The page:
The board debated a return to online-only classes and other modifications to district plans.
The West Ada School Board discussed the district’s enrollment decrease, how and when administrators will publish district COVID-19 data and if the district should return to an all-online model at a meeting Tuesday.
The Idaho Press reports that the district has lagged behind some of its neighbors, such as the Boise and Kuna school districts, in publishing coronavirus case totals by school. Administrators were slow to release case numbers for the district as a whole, too. They say they were relying on the Idaho Department of Health and Welfare to publish data, which it did earlier this month by school.
“We were relying on Idaho Health and Welfare data. It appeared to be incomplete,” said spokeswoman Char Jackson at the meeting.
She said IDHW’s breakdown by school was incorrect in part because it counted students who contracted coronavirus while using West Ada’s online-only option, Virtual School House.
Administrators plan to roll out a coronavirus case dashboard, but they won’t report cases by school, citing privacy concerns; Jackson said legal counsel was sought.
The Idaho State Board of Education echoed West Ada’s concern that in smaller schools, case reporting could out people positive cases, and subject them to social stigma.
While many school districts nationally have declined to report cases by school for this reason, many have not. School board trustees Amy Johnson and Rene Ozuna criticized administrators’ move, calling for added transparency and reporting by school.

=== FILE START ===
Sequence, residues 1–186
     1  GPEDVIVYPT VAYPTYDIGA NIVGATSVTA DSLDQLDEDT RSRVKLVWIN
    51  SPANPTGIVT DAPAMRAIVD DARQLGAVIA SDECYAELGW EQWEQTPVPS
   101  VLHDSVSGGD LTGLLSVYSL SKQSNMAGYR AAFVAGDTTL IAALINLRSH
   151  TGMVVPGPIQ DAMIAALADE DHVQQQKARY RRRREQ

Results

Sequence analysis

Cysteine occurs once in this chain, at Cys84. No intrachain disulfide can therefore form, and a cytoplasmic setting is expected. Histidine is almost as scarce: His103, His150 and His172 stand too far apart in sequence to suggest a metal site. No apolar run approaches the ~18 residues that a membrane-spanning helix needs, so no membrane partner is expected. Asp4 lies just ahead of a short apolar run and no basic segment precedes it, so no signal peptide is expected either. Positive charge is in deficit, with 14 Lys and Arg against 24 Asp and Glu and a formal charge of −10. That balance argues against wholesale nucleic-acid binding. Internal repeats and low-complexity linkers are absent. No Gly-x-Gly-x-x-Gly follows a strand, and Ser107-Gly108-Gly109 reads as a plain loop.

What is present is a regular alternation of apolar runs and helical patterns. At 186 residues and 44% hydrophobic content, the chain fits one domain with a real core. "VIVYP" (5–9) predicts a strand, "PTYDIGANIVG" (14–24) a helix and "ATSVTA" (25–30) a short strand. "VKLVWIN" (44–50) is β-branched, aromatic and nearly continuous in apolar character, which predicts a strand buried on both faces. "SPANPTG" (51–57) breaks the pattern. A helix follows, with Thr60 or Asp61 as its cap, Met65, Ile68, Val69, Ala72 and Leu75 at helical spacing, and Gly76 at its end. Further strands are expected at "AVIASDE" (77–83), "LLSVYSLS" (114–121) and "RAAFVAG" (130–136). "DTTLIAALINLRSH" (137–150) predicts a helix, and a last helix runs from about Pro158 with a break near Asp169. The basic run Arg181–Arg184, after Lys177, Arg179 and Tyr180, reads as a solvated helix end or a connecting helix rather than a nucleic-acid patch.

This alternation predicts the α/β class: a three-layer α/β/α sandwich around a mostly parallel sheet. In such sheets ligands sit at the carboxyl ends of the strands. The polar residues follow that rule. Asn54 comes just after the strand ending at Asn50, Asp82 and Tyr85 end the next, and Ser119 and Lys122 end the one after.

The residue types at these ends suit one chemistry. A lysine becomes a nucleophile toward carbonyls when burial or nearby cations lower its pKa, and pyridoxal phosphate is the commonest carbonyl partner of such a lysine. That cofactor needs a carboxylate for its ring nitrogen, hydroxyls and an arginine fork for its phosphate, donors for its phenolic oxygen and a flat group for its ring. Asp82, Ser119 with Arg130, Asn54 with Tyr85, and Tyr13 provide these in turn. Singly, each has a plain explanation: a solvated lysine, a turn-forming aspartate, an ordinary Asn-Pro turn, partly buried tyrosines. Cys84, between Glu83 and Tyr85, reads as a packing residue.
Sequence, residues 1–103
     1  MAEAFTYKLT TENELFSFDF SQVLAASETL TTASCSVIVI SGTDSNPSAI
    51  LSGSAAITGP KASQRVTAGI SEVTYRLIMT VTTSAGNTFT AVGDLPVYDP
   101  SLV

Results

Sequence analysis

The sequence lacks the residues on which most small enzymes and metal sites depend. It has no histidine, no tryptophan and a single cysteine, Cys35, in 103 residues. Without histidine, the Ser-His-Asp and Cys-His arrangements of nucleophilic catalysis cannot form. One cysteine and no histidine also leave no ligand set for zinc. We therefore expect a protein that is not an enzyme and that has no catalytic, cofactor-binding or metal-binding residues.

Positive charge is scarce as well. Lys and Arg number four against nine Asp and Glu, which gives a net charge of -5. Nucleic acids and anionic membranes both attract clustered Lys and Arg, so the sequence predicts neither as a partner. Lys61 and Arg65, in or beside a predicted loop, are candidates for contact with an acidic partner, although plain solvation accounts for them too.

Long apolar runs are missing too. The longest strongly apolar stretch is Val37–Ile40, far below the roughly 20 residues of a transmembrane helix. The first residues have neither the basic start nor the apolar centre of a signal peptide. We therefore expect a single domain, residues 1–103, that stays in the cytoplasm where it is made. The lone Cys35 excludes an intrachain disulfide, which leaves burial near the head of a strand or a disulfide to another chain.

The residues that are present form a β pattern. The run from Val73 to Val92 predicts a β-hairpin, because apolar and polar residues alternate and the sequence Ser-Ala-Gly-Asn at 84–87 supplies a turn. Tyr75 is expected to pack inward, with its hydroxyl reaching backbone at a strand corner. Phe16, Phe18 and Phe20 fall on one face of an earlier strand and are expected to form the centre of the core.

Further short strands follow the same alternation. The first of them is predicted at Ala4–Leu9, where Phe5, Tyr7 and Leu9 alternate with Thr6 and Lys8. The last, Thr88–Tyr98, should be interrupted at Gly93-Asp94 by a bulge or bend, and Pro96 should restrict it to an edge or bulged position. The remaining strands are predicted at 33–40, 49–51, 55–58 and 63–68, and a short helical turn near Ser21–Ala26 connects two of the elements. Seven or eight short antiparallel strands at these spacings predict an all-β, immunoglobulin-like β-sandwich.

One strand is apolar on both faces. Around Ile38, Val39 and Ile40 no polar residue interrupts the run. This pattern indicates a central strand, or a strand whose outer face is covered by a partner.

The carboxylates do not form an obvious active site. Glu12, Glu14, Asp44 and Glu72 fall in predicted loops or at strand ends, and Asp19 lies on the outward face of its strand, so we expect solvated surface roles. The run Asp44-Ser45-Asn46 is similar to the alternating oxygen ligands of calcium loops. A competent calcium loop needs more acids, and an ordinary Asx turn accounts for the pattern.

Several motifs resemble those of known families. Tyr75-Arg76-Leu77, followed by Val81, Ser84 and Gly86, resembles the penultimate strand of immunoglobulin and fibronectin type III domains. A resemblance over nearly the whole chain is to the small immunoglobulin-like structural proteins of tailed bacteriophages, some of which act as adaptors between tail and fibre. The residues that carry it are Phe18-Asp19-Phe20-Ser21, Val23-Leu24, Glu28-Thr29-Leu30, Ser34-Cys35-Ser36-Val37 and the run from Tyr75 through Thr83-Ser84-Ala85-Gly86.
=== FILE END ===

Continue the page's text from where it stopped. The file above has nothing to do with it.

“I don’t know why we’re not being as transparent as the state,” Johnson said, adding that gaps in reporting have left the board without crucial information. ”We haven’t had data to make decisions from, so we’ve been pulling data from everywhere.”
As more parents consider homeschooling and online options outside their home district this fall, many school districts have seen enrollment dips. West Ada is currently facing a 2,247-student enrollment decrease, and will lose out on around $9.1 million in enrollment-based funding, district CFO Johnathan Gillen said.
Still, the district is receiving $12.7 million in CARES Act federal relief funding, though reshuffling of funds won’t allow the district to cleanly supplement losses. Strings attached to federal dollars leave the district with a lot of questions about what it can spend relief money on, so officials are still deciding how to spend the funds, Gillen said.
The board also debated a return to online-only classes and other modifications to district plans. Central District Health recommended earlier on Tuesday that Ada County schools move back to all-online learning as the district moved into the “red” or most severe designation for case spread.
Board members reviewed survey results before making a decision. In those results, a majority of teachers and staff preferred a return to online courses.
“I’m getting a lot of emails from teachers who have preexisting conditions or have aged parents,” Smiley noted. “You can see that in the raw numbers that they are a lot more uneasy. The kids are a lot more gung ho.”
While students, especially at the high school level, were less hesitant to attend in-person classes than teachers, parents desired some form of in-person learning the most of any group surveyed.
A group of critical parents last week established an effort to recall West Ada School Board trustees over their limitation on in-person learning.
Concerns about safety and students’ ability to learn effectively during online classes resurfaced in early discussions.
This is a developing story. Check back for updates on the meeting.
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